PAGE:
When do we introduce best statistical practices to undergraduate biology majors?

By Jeff Walker

Within the cell biology/physiology literature, but not so much the ecology and evolution literature, there have been several editorials and short papers encouraging researchers to use alternatives to bar plots to communicate experimental results (here, here, here, here, and here).

Bar plots aren’t wrong, there are simply much better plots for communicating features of our data or the models that we fit. All the links above advocate some version of box plots or dot plots. I suggest a third, a forest plot, or even better a Harrell plot, which combines a forest plot of modeled effects with a dot/box plot of the raw data (see below).

I do think there is one major impediment to any large-scale implementation of bar plot alternatives in biology – how we train undergraduate biology majors. If other programs are like ours at the University of Southern Maine, then most undergraduate biology majors are taught that “the way” to plot experimental data is with bar plots using Microsoft Excel/Google Sheets, a practice that often begins in the first year Introductory Biology labs. And, we humans, being humans, mostly continue using what we were first taught. A major reason we continue using what we were first taught is because there is no “corrective” teaching in upper level classes, or during graduate training. And a major reason there is no corrective teaching is because most researchers are unaware that there is something to correct, or that there are alternative best practices – after all, bar plots are ubiquitous in the primary literature. And a major reason bar plots are ubiquitous is because Excel, which is on every machine in every university and easy to teach to undergraduates. It is a positive feedback cycle of mediocrity.

I don’t think there should be correctives. If we are to break the cycle, I think we should start undergraduate training with best practices from the beginning – the Introductory Biology labs. But we can’t use Excel/Sheets for this. And we aren’t (realistically) going to teach intro bio students R scripting, at least until most bio faculty become as comfortable with R as they are with Excel. This is the root of the impediment – there are few tools to nudge professors to implement best practices in applied statistics and statistical graphing in undergraduate biology labs.

So, Thanksgiving morning, I decided to do something about it, and teach myself how to make a Shiny App, so that I could create a web-based tool for undergraduate teaching or for researchers who were resistant to scripting in R (or Python or whatever). After a couple of hours and a few dead ends, I had created a simple shiny app to read in a data file exported from Excel/Sheets and generate a simple dot plot with mean and 95% confidence intervals.

But a dot plot with superimposed means and confidence interval fails to solve what bothers me most about bar plots – any plot of means (or medians) only indirectly communicates what we often want to communicate in our results – the modeled effect sizes and their error. In this regard, box plots or dot plots with means and CI bars aren’t any better than bar plots.

My “how extremely stupid not to have thought of that” moment came later that day when I saw this figure from Frank Harrell’s Principals of Graph Construction

harrell_fig_1_1This is a pretty awesome plot, combining a plot of the treatment means and confidence intervals in the bottom part and a plot of the point estimate of the difference in means with its confidence interval in the top part. This is what we should all be publishing.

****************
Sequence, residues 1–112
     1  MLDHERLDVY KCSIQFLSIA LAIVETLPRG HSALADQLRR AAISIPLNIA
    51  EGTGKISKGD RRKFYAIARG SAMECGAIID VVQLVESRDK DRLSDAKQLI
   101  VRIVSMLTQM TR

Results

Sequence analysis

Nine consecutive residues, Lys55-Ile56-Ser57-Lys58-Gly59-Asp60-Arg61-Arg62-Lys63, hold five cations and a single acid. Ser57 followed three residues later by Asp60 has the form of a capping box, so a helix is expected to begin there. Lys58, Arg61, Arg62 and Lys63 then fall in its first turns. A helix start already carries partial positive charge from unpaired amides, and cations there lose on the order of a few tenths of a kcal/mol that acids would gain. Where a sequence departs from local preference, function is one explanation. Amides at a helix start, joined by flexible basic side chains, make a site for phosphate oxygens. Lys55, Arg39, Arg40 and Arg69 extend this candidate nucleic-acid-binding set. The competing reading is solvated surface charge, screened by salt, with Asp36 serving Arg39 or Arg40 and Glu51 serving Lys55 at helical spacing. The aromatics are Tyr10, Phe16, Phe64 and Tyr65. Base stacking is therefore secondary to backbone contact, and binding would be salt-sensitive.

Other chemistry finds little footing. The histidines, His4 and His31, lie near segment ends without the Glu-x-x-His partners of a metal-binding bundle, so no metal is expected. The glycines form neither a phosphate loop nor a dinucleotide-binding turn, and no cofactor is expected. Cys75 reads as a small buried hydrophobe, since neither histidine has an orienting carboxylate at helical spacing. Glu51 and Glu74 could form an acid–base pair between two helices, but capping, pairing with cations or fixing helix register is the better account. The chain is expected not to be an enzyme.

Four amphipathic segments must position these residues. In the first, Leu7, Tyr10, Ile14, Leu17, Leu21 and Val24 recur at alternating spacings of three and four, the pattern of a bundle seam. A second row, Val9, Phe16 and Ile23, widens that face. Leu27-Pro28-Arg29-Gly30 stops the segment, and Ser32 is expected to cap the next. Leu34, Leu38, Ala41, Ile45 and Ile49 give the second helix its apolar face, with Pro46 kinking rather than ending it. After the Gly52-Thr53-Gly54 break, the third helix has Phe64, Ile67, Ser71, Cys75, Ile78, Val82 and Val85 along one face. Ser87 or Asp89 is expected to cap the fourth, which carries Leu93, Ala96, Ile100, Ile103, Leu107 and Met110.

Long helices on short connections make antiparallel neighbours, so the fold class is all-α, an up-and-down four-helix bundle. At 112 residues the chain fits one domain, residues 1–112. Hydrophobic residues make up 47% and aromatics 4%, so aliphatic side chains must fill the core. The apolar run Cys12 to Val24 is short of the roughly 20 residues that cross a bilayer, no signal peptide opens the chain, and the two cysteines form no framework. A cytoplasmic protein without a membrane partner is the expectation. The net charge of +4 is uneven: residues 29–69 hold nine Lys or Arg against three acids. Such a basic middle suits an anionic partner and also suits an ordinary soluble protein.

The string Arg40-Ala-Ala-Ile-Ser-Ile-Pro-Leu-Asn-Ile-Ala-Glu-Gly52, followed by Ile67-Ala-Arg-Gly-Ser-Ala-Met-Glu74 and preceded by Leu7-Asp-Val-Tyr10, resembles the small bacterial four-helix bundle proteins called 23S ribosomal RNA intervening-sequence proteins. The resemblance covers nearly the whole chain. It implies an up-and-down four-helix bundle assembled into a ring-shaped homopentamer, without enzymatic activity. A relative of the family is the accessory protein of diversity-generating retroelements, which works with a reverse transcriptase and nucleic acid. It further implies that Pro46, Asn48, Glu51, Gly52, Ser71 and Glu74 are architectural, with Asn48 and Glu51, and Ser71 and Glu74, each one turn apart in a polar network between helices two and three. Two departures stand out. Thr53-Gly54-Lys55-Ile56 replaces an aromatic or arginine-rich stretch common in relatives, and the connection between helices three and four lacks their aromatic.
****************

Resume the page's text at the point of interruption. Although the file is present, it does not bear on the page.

With Harrell’s plot as my target, I developed a shiny app to generate a “Harrell plot” (or HarrellPlot). A Harrel plot combines 1) a dot plot to show individual values, 2) a box plot to show the distribution of the response within treatment groups, and 3) a forest plot of modeled effect estimates and confidence intervals. This plot addresses all of the concerns raised in the above links over bar plots but is much more. The plot communicates what we often really want to communicate and focus on, effect sizes and our uncertainty in their estimates.

Here is an example, which shows the modeled effects of sprint, endurance, and no training on sprint swimming performance in zebrafish. The effects illustrated in the upper panel are not the simple difference in treatment means but adjusted means conditioned on pre-treatment sprint performance speeds (see Walker 2018).


So when do we start teaching best practices in how-to-do-biology to undergraduate biology majors? Day 1. The HarrellPlot app (and other Shiny apps) are easily implemented in any undergraduate biology teaching lab, or from home, because the app is web based. Students can use Excel/Sheets to store experimental data and learn about long vs. wide formatting and how to organize data more generally and then import the data (from a text file) into the web app. Maybe the app could be a gateway to scripting? Regardless, I don’t think undergraduate biology majors will be routinely learning R (or Python) scripting, at least until a new generation of faculty are in place, all of whom are comfortable with R scripting. Until then, I think the best solutions will be cheap (free!), widely implementable tools like HarrellPlot.

Author biography: Jeff Walker is a Professor of Biological Sciences at the University of Southern Maine with research interests in ecological and evolutionary biomechanics and research best practices. More info is at

Image caption and credit: description and credits are in the text. Frank Harrell gave me permission to use Fig 1.1 (the original is in a self-published document). The second figure is mine.

Categories: Education, Research Tools

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